Tuesday, November 3, 2009

Kona Coffee Festival perking, symphony struggles, dining inspections down, furlough fights continue

The Kona Coffee Cultural Festival has been celebrating and promoting Kona coffee for 39 years. The theme of this year's festival, which runs Friday through Nov. 15, is "Kona Coffee: Aroma of Aloha."

Ninety-five public schools have applied to turn teacher training days into instructional days and restore some of the class time students are losing to furloughs.

A group of state Senate and House members plans to meet with staff members of the Lingle administration to discuss reducing the number of days public schools are closed due to budget cuts.

The House and Senate Republican Caucus is urging the Hawaii State Teachers Association to rework its (relatively new) contract with the Department of Education. GOP lawmakers want the HSTA and DOE to scrap the teachers' existing contract and negotiate a new deal that will end furlough Fridays.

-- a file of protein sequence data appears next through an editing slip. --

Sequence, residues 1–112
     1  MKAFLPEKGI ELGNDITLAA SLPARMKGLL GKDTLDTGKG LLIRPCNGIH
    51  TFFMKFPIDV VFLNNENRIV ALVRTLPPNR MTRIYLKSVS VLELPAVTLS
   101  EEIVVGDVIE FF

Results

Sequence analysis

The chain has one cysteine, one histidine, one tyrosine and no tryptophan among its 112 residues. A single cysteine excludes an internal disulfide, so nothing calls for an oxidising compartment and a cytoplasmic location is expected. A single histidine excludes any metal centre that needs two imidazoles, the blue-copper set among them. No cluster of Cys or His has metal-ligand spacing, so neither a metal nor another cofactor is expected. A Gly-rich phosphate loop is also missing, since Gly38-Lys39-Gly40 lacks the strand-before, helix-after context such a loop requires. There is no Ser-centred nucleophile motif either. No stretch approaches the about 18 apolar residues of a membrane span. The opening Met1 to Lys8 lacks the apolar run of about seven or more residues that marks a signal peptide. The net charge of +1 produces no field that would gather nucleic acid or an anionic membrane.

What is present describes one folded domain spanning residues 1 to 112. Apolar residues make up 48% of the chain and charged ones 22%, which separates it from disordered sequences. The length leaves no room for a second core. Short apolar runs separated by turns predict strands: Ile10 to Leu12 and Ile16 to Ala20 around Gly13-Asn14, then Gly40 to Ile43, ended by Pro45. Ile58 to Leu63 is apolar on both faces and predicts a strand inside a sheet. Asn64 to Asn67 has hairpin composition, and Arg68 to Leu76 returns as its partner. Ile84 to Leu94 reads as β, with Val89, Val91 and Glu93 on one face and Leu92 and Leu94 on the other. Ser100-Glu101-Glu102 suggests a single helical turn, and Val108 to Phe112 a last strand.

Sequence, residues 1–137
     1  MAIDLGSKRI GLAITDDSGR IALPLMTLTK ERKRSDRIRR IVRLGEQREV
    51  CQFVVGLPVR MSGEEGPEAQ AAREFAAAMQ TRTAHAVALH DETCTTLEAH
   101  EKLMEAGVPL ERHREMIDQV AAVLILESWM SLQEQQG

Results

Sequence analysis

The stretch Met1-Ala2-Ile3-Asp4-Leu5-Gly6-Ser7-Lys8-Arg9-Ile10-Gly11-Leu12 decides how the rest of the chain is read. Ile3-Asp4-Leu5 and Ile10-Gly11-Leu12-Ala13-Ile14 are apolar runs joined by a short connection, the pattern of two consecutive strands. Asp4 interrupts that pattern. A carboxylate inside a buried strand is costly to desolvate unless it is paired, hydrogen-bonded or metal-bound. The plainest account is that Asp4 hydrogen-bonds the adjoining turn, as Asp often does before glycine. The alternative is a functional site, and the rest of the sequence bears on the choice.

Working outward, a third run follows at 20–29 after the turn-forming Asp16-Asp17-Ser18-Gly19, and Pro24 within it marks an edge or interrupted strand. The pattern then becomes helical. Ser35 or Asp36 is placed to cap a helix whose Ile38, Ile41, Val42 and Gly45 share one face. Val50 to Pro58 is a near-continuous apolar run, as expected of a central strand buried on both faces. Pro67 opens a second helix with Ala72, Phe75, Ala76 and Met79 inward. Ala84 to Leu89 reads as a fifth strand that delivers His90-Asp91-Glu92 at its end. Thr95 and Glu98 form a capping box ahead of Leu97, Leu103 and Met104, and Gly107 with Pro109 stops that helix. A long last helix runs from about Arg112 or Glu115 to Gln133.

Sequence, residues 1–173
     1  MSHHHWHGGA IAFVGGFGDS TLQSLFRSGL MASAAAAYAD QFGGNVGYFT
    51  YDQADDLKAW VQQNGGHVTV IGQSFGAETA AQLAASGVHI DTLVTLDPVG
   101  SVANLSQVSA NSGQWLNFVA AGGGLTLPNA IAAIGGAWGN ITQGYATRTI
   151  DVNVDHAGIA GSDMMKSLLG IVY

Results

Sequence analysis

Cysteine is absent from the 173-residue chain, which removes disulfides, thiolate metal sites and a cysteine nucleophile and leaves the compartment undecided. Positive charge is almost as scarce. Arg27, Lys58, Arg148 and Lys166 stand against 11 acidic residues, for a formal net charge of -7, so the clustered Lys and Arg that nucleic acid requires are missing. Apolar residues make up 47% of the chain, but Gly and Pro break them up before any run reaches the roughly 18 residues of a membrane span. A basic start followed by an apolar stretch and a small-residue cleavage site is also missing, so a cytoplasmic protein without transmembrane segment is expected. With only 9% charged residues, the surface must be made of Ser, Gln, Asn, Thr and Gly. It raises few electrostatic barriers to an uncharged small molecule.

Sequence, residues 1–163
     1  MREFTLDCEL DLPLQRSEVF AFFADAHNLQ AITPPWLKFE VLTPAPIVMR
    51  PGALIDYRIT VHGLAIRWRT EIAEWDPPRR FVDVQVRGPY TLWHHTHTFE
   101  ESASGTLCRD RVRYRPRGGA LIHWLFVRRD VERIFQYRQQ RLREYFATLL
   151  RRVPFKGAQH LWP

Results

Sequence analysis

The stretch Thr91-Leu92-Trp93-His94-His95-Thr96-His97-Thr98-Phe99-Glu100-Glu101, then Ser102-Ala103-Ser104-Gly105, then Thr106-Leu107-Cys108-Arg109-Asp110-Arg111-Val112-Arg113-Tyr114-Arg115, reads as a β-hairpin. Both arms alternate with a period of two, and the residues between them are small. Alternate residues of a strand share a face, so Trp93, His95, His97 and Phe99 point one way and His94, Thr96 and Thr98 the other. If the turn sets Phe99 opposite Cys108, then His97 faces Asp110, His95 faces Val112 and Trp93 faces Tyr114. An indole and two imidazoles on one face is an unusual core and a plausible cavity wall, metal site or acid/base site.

Perennial guests at a 54-year-old Waikiki hotel say they are saddened that they might not be able to return to their favorite winter retreat, fearing it could close.

Just three years ago, inspectors used to make unannounced inspections on restaurants about once a year. However, that situation has worsened.

People in Hawaii love to dine out at all kinds of eateries. There are about 5,800 restaurants on Oahu, and the results of some inspections might make you think twice about dining out.

The Honolulu Symphony may file for bankruptcy protection as early as tomorrow, according to people familiar with the situation.

Jenna Roussy, an employee at Hilo Shark's Coffee, holds a 7-pound Keitt mango on Friday at the shop. The fruit is possibly the largest mango ever grown in the U.S., and surpassed only by the current world record holder, a 7-pound, 7-ounce Keitt cultivated in the Philippines.